Happiness: Part 2
Estimated Lesson Time: 5 minutes
In order to stimulate some thought, I can tell you what happiness is to others. Use some of these ideas in creating your own definition.
Happiness is being true to ourselves. “Happiness is when what you think, what you say, and what you do are in harmony,” said Mahatma Gandhi almost a century ago. Internal conflict and lack of integrity lead to guilt and ultimately misery.
Happiness is keeping busy. It is often the result of being too busy to be miserable. Finding something to do, especially something you enjoy doing, whether it be a career, volunteer work or hobby, will keep the boredom away.
Happiness is accepting the inevitable. J.C.F. von Schiller said, “Happy is he who learns to bear what he cannot change!” I agree with Schiller, but I would like to change “cannot” to “cannot and will not.” There are many things that we can change if we devote enough resources to it. However, we may want something to change, but not badly enough to devote our time and energy to changing it. It is in these cases we must accept that what is, is.
Happiness is having goals and a purpose. Helen Keller believed, “True happiness... is not attained through self-gratification, but through fidelity to a worthy purpose.” Having goals and a purpose in life keep boredom away as well. Happiness is a side effect of the constant feeling of accomplishment and knowing you are headed in the right direction in life.
It is the little things in life that bring happiness. Those who base their happiness on major accomplishments are setting themselves up for a life void of happiness. “Happiness consists more in small conveniences or pleasures that occur every day, than in great pieces of good fortune that happen but seldom,” wrote Benjamin Franklin. Life is full of these small pleasures: enjoying a sunset, walking on the beach, watching kids play, reading a good book, watching a good movie... the list goes on.
A Hindu proverb states that true happiness is in making others happy. This statement leads us back to one of the principles of success by Zig Ziglar, who says, “You can get anything you want, if you help enough other people get what they want.” By bringing another person happiness, you will find happiness as well.
Happiness is found in one’s work. “The road to happiness lies in two simple principles,” said John D. Rockefeller III, “find what it is that interests you and that you can do well, and when you find it put your whole soul into it—every bit of energy and ambition and natural ability you have.” One’s work usually occupies more than half of one’s waking life. Choosing work that does not bring happiness will lead to a life that is mostly disappointing.
Happiness is found in one’s family life. Both loving and being loved are sources of happiness unmatched by any other. Although we cannot control the feelings others have for us, it has been said that the best way to be loved is by loving.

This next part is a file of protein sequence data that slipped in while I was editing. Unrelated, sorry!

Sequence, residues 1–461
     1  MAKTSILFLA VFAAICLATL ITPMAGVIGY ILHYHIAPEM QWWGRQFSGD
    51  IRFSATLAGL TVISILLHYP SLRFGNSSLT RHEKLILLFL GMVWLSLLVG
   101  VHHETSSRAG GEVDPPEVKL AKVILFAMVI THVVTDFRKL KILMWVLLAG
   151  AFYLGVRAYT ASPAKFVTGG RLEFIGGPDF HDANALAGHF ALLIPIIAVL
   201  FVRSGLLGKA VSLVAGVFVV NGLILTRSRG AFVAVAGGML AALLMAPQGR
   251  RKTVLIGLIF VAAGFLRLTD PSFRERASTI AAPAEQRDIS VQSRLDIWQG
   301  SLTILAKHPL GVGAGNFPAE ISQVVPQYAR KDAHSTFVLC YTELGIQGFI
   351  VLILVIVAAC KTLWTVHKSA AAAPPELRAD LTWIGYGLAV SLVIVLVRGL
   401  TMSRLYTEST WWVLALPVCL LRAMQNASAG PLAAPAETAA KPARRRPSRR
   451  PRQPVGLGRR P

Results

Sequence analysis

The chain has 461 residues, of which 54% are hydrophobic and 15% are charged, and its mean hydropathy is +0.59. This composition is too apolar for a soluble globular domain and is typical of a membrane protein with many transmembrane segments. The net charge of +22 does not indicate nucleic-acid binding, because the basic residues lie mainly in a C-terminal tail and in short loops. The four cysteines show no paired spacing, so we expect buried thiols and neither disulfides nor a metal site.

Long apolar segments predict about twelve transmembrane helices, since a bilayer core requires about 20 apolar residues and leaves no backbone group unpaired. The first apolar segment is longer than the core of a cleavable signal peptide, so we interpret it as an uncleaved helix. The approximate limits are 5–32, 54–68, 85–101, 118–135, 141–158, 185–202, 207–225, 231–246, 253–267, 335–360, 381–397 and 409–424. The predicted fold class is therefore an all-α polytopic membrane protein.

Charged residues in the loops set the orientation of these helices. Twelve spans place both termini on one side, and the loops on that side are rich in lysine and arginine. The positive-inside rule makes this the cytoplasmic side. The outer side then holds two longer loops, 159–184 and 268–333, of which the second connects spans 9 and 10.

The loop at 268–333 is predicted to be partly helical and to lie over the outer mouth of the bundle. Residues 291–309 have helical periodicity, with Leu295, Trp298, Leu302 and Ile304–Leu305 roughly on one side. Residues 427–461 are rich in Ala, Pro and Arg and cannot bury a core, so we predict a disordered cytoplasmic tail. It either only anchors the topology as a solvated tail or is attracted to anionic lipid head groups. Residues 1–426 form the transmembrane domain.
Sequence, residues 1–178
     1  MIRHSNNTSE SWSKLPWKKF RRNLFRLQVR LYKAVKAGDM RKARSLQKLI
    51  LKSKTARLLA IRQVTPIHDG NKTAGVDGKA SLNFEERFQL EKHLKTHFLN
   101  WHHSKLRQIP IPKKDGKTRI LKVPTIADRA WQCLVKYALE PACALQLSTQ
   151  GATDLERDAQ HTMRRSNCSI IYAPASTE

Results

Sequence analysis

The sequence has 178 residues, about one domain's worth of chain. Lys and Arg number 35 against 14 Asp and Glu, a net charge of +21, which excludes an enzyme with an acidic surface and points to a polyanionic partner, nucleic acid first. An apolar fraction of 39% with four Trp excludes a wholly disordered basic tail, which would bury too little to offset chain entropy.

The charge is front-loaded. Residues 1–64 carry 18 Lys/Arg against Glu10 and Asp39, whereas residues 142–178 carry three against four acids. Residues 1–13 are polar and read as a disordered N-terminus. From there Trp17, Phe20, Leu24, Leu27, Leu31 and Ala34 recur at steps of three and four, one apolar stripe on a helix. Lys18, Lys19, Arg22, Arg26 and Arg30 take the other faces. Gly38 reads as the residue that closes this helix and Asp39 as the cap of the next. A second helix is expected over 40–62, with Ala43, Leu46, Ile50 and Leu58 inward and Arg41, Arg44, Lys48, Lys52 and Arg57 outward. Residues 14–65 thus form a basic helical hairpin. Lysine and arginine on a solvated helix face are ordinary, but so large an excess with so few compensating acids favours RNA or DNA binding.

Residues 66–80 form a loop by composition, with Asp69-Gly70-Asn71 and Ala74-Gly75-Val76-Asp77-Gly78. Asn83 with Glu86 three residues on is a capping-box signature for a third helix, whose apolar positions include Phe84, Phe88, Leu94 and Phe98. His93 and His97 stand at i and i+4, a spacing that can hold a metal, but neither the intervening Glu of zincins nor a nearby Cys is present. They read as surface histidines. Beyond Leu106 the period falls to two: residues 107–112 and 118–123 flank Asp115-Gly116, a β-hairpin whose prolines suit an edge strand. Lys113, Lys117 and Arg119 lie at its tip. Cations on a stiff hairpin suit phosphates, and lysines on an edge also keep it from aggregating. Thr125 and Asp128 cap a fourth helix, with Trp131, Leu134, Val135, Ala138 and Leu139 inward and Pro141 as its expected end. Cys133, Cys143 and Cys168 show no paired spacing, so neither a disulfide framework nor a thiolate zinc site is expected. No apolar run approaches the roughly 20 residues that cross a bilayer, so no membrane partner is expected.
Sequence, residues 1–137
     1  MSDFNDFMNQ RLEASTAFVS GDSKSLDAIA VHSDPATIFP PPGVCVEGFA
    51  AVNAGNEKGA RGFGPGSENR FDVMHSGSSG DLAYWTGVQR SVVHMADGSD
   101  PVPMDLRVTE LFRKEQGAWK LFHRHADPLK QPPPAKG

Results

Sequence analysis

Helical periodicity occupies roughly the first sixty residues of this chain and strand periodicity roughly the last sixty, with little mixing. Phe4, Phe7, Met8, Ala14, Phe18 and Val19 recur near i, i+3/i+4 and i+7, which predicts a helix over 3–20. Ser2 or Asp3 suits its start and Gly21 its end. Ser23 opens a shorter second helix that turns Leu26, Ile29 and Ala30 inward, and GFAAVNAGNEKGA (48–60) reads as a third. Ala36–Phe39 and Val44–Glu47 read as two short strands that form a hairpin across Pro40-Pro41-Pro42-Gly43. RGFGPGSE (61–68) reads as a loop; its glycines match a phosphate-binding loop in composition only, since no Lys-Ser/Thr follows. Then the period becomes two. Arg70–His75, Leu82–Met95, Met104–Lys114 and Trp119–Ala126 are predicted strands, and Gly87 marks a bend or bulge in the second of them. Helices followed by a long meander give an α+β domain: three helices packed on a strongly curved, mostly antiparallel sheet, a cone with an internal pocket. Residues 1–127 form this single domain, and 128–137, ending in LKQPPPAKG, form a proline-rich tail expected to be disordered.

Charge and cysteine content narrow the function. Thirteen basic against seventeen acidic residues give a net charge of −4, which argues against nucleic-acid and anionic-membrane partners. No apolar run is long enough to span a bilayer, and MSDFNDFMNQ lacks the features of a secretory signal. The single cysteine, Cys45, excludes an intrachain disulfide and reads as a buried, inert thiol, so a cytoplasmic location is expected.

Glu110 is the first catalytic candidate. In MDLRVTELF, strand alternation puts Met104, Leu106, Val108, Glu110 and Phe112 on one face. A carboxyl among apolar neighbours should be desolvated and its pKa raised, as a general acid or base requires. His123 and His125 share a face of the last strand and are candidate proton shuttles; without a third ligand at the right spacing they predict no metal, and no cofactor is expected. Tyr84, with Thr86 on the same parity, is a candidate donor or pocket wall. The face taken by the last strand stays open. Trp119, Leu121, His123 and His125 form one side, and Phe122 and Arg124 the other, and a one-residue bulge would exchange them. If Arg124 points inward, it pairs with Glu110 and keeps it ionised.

Happiness and health are closely related. It is not necessary for one to be in perfect health to be happy. However, it is a well-known fact that happiness does affect health. In the Orient, it was believed that the basis of all disease was unhappiness. While we are pretty sure ALL disease is not due to unhappiness, there is some truth to this. Happiness does have the power to restore health, and laughter just may be some good medicine.
Happiness is financial success and prosperity. On the tail end of happiness comes the material side of life. Acquiring is not enough to bring happiness; it is enjoying what you have acquired that can bring happiness. Writer Logan Pearsall Smith wrote, “There are two things to aim at in life: first, to get what you want; and, after that, to enjoy it. Only the wisest of mankind achieve the second.”
Realize that true happiness is not the absence of feelings and emotions in the darker side of life. It has been said that there is no pleasure without pain, which may be true, but happiness and pleasure are not the same thing. I believe that one can enjoy happiness without experiencing misery. Happiness is a way of life, not a temporary feeling of enjoyment or pleasure, and temporary human emotions of anger, discouragement and pain do not have to affect one’s overall happiness.
Sharing happiness is considered to be our “moral obligation” by many. George Bernard Shaw wrote, “We have no more right to consume happiness without producing it than to consume wealth without producing it.” Those who have found it are encouraged to share it with those who are desperately in need of it.
It has been said that happiness consists of living each day as if it were the first day of your honeymoon and the last day of your vacation. Happiness is meant to enjoy now, not someday in the future when the economy improves, you meet the right person, you own a home, the kids grow up, you get a promotion, your business takes off, or you retire. These are the “good old days” so allow yourself to be happy today, right now.
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Some discussion questions (some may not apply to this lesson):
- Have you implemented this idea in your life? How has it been working for you?
- Do you have any interesting stories related to this lesson? Do tell!
- What do you admire most about this person? (success biography days)